‘Adult watch houses no place for children’: Law Council
14 May 2019
Urgent action must be taken to end the unacceptable practice of detaining children in adult watch houses in Queensland and to raise the age of criminal responsibility across all jurisdictions, says the Law Council.
President, Arthur Moses SC, said “adult watch houses are no place for children”.
“The ABC’s Four Corners program, which showed children as young as 10 being locked up – sometimes for weeks – in adult facilities in Queensland, was deeply concerning and must not be ignored,” Mr Moses said.
“Remanding children in such facilities, in any state or territory, is inappropriate, highly disturbing and represents a grave breach of the duty owed by governments to children in their care. This practice exposes some of society’s most vulnerable – our children – to significant trauma and to hardened criminals. It is not consistent with Australia’s obligations under international human rights laws and should not be tolerated.
Critical problems exist in Queensland’s youth justice system which must be addressed. Recent laws designed to ensure 17-year-olds are treated as juvenile offenders have created a new cohort that has contributed to overcrowding of juvenile detention facilities.
“The number of juvenile detainees in Queensland has increased 22 per cent in seven years, with Aboriginal and Torres Strait Islander children representing 72 per cent of the children being detained. In Queensland, Indigenous children are 32 times as likely to be in detention as non-Indigenous young people.
“The vast majority of children in detention in Queensland are unsentenced and alternatives to detention, including justice reinvestment projects, should be implemented immediately.” Mr Moses said unacceptable treatment of children in detention was not isolated to Queensland, with reports of abuse and mistreatment of children in detention arising across multiple Australian jurisdictions.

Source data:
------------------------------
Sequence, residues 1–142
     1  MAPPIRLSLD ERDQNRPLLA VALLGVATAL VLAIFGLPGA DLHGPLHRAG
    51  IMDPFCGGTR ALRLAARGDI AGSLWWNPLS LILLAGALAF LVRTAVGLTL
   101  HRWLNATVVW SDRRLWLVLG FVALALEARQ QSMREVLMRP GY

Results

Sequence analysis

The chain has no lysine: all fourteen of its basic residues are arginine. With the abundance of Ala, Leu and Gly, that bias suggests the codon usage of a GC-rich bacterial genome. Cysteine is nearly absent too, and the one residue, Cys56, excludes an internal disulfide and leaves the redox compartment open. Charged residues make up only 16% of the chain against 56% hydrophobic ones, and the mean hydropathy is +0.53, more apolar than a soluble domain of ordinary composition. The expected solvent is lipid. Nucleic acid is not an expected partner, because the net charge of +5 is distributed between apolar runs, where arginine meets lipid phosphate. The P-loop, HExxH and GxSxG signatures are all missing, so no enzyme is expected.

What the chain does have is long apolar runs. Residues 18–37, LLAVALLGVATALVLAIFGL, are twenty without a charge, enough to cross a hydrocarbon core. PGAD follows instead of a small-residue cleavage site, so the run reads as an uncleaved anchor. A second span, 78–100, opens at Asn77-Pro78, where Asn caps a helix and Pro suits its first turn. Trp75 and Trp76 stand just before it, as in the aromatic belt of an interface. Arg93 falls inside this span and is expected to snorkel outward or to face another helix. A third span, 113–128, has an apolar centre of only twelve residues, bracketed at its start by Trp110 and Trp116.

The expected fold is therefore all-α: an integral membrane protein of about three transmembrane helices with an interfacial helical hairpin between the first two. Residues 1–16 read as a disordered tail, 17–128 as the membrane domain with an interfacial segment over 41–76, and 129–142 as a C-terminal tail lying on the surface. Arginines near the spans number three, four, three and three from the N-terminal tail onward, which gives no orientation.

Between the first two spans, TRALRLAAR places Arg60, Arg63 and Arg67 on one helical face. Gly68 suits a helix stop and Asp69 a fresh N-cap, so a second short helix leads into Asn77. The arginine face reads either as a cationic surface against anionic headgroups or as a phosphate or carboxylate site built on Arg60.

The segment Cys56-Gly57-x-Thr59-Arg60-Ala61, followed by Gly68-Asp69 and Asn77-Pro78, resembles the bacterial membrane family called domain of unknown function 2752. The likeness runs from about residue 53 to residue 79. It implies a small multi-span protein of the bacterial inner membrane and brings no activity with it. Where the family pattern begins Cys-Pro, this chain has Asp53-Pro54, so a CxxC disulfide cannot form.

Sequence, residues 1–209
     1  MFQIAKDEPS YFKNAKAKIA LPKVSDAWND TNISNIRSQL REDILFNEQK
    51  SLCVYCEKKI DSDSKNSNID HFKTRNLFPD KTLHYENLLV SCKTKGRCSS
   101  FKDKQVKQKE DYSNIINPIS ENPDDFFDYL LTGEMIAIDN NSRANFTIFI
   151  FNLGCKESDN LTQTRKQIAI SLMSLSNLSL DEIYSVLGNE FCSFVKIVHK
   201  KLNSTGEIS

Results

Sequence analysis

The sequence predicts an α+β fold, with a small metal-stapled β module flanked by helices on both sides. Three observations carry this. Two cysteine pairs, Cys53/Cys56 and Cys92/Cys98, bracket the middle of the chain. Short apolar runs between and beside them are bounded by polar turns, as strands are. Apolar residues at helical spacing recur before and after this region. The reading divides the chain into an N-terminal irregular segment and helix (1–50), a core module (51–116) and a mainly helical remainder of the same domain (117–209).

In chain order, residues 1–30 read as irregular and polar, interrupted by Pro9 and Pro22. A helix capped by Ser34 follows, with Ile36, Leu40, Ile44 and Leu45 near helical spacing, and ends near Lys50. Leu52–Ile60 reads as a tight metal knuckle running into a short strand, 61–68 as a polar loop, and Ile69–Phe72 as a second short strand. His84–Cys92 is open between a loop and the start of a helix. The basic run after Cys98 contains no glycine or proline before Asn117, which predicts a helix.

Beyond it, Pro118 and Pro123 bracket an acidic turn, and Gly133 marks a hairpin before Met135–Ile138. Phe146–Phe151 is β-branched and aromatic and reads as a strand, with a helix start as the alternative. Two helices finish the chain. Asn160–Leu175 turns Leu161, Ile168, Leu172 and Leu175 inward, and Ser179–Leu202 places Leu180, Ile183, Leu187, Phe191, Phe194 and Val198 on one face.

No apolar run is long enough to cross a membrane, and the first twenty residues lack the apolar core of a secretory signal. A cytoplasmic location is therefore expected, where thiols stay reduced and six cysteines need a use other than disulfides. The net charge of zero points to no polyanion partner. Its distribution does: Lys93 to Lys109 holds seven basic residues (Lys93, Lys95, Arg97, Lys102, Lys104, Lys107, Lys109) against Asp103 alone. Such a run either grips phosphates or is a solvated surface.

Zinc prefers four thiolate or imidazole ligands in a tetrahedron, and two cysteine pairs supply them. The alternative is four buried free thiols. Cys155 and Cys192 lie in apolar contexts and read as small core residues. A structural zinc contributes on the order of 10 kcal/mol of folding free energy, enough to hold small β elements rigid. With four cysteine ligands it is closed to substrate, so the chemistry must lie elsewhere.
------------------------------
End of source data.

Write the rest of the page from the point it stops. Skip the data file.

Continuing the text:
“It is time our governments – state, territory and Commonwealth – got off the back foot and pro-actively shouldered their obligations and duties to these children,” Mr Moses said.
“It was a Four Corners’ exposé in 2016 that drew attention to the substandard treatment of Australian children in the Don Dale Youth Detention Centre. Three years later, it has taken another media report to draw attention to this appalling practice. Governments must take these responsibilities more seriously.”
Mr Moses said these incidents also emphasised the critical need across all jurisdictions to raise the minimum age of criminal responsibility around Australia to at least 12 years’ old, alongside the rebuttable doli incapax presumption that 10 to 14-year-olds are incapable of committing a criminal act.
“A 2017 report by the Queensland Family and Child Commission (QFCC) found Queensland should consider raising the minimum age of criminal responsibility to 12 years. It also suggested other options, including removing 10-12 year olds from youth detention centres. Similarly, the NT Royal Commission revealed systemic change to practices in youth detention was essential to protect the rights and welfare of children and recommended raising of the age of criminal responsibility, which the NT government has failed to do.”
Mr Moses also expressed concern for police, who were forced to supervise detained children in unsuitable conditions without specialised training, contributing to greater workplace pressures.
P. 0406 987 050 E. Anne-Louise.Brown@lawcouncil.au